Introduction to Token Based Authentication Using OWIN (Katana) and OAuth

Introduction

Open Web Interface for.NET (OWIN) is an open-source specification that describes an abstraction layer between web servers and application components. It defines a standard interface between .NET web servers and web applications. The primary goal of OWIN is to decouple the server and application, encouraging development of small and focused application components that are part of the processing pipeline through which the server can route incoming HTTP requests. OWIN is a specification, not an implementation.

Katana is open-source components for building and hosting OWIN-based web applications. It provides the implementation of the OWIN specification. This component is maintained by the Microsoft Open Technologies Group.

The OAuth authorization framework enables a third-party application to obtain limited access to an HTTP service. One of the common patterns used for authentication in a web application is the OAuth Resource Owner Flow model.

The following are the principal components of this authentication mode:

  • Resource server: It holds the resource and protects the resource from unauthorized access.

  • Resource owner: It requests the resource base on needs.

  • Authorization server: A server that authenticates the resource owner identity and issues the access token to the client.

  • Client: It is an application that requests access on a resource on behalf of the resource owner.

Overview of the Owner Resource Authentication Flow

Overview

The resource owner has login credentials and client credentials. The resource owner submits the login credentials and client credentials to the client. The client submits the credentials to the authorization server. The authorization server validates the credentials and generates an encrypted access token. This access token is returned to the client.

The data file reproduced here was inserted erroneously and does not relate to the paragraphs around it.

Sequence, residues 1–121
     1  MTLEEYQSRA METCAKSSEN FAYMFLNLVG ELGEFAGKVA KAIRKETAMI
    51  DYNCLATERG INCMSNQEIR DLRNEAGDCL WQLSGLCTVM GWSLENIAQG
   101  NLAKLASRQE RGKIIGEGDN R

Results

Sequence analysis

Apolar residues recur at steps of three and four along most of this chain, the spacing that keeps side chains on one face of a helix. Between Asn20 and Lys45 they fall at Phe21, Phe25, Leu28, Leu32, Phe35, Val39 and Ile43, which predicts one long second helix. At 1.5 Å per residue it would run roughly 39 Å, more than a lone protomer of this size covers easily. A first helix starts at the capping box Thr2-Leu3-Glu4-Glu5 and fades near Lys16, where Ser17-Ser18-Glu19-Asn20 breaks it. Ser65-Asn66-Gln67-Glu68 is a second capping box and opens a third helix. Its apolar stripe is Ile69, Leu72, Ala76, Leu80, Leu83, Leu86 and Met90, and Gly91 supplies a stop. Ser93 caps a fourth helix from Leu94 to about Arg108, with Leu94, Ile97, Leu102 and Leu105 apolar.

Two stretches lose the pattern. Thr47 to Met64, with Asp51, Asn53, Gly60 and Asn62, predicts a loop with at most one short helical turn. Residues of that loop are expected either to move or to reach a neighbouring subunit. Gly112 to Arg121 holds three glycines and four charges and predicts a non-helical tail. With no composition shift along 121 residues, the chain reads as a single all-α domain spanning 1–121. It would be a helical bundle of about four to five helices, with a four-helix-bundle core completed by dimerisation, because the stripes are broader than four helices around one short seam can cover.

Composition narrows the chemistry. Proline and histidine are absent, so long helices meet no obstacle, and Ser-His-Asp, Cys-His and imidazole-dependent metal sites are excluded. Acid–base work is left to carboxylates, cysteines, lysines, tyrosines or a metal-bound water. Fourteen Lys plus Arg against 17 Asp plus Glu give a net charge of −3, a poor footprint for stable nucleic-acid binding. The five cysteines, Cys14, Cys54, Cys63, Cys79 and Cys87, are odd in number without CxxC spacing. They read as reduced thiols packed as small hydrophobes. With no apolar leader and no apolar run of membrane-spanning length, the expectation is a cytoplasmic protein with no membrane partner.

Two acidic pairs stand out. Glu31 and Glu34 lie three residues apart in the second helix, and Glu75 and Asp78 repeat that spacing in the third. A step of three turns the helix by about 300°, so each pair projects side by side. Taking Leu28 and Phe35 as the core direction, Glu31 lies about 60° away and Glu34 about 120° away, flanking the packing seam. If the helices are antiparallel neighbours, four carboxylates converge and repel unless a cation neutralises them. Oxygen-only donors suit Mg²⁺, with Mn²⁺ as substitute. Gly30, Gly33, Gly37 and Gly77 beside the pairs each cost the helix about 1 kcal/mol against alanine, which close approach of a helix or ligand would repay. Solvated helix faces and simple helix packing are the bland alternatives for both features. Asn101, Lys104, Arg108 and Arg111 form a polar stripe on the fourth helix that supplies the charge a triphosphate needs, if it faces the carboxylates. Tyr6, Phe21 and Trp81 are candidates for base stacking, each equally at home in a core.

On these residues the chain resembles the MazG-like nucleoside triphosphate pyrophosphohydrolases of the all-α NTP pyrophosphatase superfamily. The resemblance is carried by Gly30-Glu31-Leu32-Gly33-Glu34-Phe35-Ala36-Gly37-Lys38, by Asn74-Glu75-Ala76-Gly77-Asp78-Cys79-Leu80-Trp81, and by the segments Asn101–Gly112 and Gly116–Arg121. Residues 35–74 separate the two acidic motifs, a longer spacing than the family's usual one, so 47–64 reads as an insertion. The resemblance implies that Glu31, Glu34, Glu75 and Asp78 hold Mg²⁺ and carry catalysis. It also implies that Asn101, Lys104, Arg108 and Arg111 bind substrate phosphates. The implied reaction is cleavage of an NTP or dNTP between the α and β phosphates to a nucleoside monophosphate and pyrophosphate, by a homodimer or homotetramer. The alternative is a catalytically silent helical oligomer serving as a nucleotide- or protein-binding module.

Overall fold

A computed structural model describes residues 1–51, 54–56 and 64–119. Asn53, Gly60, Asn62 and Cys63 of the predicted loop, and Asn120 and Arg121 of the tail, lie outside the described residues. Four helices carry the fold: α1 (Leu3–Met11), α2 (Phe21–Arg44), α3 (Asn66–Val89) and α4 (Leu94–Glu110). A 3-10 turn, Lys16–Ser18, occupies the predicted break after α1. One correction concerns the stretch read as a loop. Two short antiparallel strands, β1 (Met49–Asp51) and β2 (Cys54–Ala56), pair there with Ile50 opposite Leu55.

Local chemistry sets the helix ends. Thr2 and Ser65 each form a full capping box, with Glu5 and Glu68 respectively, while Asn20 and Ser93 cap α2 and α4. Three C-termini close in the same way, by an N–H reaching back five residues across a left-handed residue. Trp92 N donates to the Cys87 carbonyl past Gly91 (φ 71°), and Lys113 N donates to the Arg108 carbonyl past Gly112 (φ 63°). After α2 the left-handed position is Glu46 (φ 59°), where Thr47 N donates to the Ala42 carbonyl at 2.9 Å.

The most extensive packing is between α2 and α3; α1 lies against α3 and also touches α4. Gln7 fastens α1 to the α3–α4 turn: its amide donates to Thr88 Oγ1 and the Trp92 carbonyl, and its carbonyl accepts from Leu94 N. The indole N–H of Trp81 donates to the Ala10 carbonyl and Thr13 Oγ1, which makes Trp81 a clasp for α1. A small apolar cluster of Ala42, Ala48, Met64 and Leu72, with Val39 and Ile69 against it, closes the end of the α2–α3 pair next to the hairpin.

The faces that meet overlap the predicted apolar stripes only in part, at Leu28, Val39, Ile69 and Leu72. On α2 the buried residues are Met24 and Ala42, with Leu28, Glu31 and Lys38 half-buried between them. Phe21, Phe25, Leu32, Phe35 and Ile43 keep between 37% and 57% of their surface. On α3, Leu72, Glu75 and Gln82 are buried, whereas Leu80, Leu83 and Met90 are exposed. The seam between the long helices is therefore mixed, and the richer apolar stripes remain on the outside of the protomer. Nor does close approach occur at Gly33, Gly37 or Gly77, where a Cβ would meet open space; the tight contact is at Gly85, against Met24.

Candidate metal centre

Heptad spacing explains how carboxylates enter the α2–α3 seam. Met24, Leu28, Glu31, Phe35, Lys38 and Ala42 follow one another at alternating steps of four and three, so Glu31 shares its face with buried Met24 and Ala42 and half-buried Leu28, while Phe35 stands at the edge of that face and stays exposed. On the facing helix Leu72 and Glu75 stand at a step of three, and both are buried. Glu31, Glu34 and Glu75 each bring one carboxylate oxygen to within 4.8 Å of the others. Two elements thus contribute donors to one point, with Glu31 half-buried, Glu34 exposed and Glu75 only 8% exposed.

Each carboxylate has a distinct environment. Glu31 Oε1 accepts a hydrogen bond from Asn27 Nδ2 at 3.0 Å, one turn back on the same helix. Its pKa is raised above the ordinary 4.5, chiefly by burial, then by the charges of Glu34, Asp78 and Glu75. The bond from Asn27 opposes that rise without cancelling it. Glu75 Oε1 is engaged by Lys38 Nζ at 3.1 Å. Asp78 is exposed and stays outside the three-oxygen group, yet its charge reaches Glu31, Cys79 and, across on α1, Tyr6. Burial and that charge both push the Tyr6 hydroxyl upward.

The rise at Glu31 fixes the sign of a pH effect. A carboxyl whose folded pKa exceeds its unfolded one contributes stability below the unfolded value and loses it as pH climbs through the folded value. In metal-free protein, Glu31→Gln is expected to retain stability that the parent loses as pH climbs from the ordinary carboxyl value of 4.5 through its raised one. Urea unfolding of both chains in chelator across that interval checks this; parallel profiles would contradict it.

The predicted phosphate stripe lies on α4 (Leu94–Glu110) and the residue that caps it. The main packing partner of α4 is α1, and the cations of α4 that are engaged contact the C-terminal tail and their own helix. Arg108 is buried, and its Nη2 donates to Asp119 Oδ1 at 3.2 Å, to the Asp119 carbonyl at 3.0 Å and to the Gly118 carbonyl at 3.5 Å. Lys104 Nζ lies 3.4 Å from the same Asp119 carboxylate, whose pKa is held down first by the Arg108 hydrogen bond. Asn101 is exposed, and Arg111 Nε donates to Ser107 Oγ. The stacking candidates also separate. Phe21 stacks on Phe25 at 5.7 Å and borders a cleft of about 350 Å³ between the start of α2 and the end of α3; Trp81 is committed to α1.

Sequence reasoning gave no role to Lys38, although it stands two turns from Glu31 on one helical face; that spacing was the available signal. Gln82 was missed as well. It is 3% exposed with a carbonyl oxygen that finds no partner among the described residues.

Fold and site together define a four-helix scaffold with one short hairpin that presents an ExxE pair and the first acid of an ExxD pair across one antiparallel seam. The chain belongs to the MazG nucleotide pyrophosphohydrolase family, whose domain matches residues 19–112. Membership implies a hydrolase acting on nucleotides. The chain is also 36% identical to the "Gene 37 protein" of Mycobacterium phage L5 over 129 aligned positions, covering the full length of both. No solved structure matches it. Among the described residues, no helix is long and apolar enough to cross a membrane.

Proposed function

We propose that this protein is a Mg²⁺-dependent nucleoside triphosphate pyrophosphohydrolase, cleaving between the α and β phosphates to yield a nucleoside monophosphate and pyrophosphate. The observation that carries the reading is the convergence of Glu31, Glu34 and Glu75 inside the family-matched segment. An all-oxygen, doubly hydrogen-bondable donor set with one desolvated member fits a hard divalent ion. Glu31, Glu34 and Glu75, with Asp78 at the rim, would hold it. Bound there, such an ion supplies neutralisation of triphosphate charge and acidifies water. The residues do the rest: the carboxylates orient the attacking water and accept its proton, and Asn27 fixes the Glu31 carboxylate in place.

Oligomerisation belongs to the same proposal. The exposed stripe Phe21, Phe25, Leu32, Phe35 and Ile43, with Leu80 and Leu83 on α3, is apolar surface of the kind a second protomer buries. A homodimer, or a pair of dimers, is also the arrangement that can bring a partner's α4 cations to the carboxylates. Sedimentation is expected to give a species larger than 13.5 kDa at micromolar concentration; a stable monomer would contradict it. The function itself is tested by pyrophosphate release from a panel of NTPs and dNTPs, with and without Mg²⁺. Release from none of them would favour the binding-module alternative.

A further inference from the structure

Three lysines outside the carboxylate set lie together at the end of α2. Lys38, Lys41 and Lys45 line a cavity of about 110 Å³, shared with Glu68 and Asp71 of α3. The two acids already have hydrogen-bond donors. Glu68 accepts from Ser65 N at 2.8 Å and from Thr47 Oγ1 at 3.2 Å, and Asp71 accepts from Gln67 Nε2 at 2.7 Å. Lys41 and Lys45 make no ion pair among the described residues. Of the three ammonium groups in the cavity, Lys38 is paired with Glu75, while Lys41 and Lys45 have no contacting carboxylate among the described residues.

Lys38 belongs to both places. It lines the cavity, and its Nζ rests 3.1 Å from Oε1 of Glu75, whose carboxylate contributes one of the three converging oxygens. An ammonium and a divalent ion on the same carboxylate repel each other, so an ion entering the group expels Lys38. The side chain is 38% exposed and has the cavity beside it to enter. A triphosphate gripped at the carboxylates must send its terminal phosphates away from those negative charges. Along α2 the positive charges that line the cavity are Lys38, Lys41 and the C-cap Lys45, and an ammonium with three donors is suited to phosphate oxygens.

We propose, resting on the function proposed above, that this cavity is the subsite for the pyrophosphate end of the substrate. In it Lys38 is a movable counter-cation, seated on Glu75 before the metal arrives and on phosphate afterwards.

In the next request, the client uses this access token to make a request to the resource server. The resource server has been designed to accept the access token and it sends this access token to the authorization server to validate the access token. Based on the response of the authorization server the resource server provides the resource or denies the request.

For a small project we can combine the Authentication Server within the Resource Server.

Owner Resource Authentication Flow

Mechanics of Token Validation

The authorization server is responsible for validating the input token from the client. It basically does the following three things to validate the token.

  • Verify: Token is well-formatted.
  • Verify: Token is coming from the intended authority.
  • Verify: Token is meant for the current application.

Well-formed

When we say the token is well-formed, the token holds following:

  1. The token is correctly formatted depending on its intended format
  2. The token contains an expiry time so it has been received within its valid time period
  3. The token has not been tampered with

These three tasks establishes whether a token looks good and moves to the next check else OAuth throws an authorization denied exception.

Coming from the Intended Authority

Tokens are designed to advertise their origin as clearly and unambiguously as possible. There are two mechanisms used. Both are used together.

  • Signature verification: The key used to sign the issued token is uniquely associated with the issuing authority. Hence the token is signed with a key where the token is originated.
  • Issuer value: Every authority has unique characteristics. Various token formats will be carried out for information in specific places, like a specific claim type.

A signature verification key and an issuer ID value are available as part of some advertising mechanism supported by the authority, such as metadata, discovery documents.

Intended for the Current Application

A Token contains a claim meant to indicate the target app for the token that is issued. In this process the block system will check the protocol used for determining whether the token is the same as the current app used.

Intended for the Current Application

Summary

OAuth enables clients to access protected resources by obtaining an access token. The authorization server is responsible for issuing the token with the approval of the resource owner. A token is defined in the OAuth 2.0 Authorization Framework (RFC6749) as a string. It represents an access authorization issued to the client rather than using the resource owner's credentials directly. The client uses the access token to access the protected resources of the resource server.